If you go into any house in the UK, chances are you’ll find the washing machine tucked under a kitchen counter. It’s the most obvious place to install your washer and dryer…or is it?
A tweet has sent homeowners into a spin claiming that that the bathroom is a more natural home for our washing machine. The Twitter user from Germany, under the handle @biebersgrills, writes: ‘In Germany, it’s the MOST NORMAL thing that washing machines are placed in bathrooms and not in the kitchen where it definitely doesn’t belong???’
The comment has attracted over 60,000 likes with people agreeing that it makes no sense keeping a washing machine in the kitchen. But not everyone is in consensus. 31,000 comments later, and people from all over the world are weighing in on the debate including:
‘Omg what? I have it in my kitchen and I thought it was the most normal thing.’
‘Why would I wash the clothes where I have to cook or eat?’
‘In England, we have ours in the kitchen and to have it in the bathroom is weird.’
‘This entire thread of comments has me completely baffled. I thought everyone had a laundry room.’
Debates over whether the washing machine belongs in the kitchen are not something new. In 2017 Kirsty Allsopp stirred up a furor by responding to another journalist’s tweet about keeping a washing machine in the kitchen. She wrote: ‘It is disgusting, my life’s work is in part dedicated to getting washing machines out of the kitchen.’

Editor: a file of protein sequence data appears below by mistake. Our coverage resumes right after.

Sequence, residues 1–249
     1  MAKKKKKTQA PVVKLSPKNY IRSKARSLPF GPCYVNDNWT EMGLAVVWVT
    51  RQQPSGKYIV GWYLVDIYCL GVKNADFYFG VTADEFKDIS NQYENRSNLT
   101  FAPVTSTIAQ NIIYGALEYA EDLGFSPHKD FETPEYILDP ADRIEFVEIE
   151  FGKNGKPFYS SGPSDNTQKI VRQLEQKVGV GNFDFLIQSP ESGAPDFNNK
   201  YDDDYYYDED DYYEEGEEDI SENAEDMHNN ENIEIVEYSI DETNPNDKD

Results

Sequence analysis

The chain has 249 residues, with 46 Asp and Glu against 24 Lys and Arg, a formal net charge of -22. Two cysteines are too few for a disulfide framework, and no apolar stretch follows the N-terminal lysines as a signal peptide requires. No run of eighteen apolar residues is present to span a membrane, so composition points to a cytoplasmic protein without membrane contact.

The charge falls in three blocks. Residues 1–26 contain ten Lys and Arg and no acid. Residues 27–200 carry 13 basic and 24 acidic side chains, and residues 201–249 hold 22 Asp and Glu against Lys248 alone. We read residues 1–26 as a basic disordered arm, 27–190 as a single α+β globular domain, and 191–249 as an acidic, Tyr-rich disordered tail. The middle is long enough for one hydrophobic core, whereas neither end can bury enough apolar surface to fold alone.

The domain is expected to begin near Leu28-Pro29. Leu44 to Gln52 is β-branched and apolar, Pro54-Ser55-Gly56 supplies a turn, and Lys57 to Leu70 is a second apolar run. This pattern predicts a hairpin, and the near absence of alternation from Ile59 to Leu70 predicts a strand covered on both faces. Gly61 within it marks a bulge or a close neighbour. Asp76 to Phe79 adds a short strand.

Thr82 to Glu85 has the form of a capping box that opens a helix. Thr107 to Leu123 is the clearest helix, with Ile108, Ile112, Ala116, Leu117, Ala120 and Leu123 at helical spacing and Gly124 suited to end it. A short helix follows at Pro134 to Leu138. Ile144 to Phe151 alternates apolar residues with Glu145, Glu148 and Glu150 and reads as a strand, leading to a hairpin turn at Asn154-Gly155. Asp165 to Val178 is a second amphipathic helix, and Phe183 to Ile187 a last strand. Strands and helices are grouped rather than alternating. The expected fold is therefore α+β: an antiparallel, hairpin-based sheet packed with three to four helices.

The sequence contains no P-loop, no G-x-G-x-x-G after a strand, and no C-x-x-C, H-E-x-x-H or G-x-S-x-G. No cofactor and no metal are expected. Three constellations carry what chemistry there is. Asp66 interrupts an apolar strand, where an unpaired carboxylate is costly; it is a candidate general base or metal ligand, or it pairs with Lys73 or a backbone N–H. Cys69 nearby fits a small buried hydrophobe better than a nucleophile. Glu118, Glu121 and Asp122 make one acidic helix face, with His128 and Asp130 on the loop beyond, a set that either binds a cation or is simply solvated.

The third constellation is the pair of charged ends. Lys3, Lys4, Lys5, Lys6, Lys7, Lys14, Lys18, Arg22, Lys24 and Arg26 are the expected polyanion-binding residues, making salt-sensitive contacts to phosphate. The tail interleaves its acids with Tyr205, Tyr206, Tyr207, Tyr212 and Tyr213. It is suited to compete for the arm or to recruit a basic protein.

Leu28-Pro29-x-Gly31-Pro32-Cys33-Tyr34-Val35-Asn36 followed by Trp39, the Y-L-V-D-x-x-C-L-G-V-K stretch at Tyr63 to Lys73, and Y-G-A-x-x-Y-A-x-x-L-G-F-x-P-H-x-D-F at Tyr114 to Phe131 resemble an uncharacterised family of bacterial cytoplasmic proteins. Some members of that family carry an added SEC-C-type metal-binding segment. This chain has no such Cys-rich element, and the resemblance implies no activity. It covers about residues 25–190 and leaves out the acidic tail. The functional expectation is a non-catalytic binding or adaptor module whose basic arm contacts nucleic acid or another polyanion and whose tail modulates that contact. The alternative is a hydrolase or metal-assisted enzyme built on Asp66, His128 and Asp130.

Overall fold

But where does the washing machine belong then if not in the kitchen? In a perfect world, were we all had space in our homes, a utility room would be the ideal solution. But unfortunately that’s not always the case.
When it comes to installing a washing machine in a bathroom, the are a few things to bare in mind. In the UK, due to strict building regulations, plug sockets can’t be fitted in the bathroom unless they are at least three metres from the bath or shower. Shave-supply units are an exception due to their lower voltage. So while it might be tricky, that doesn’t rule out the bathroom as a new home for your washing machine completely.
Lauren Clark, AO.com’s large appliance trading director, says: ‘To squeeze more storage space into kitchens, it’s possible to put a washing machine in a bathroom. We recommend considering where the electrical socket is placed because of the hazards associated with water spillage, and also what it’s made from because metal can rust in damp conditions.’
However, she adds: ‘Traditionally, UK houses have been built for washing machines to live in the kitchen and we would suggest picking quieter models if it’s going to be in an open-plan kitchen so as not to disrupt everyday life.’
When it comes to the final word on this debate, it all depends on space. If you have space and can safely plug a washing machine in, why can’t you have it in your kitchen, bedroom, bathroom, living room or utility room?
If it works for you, then run with it.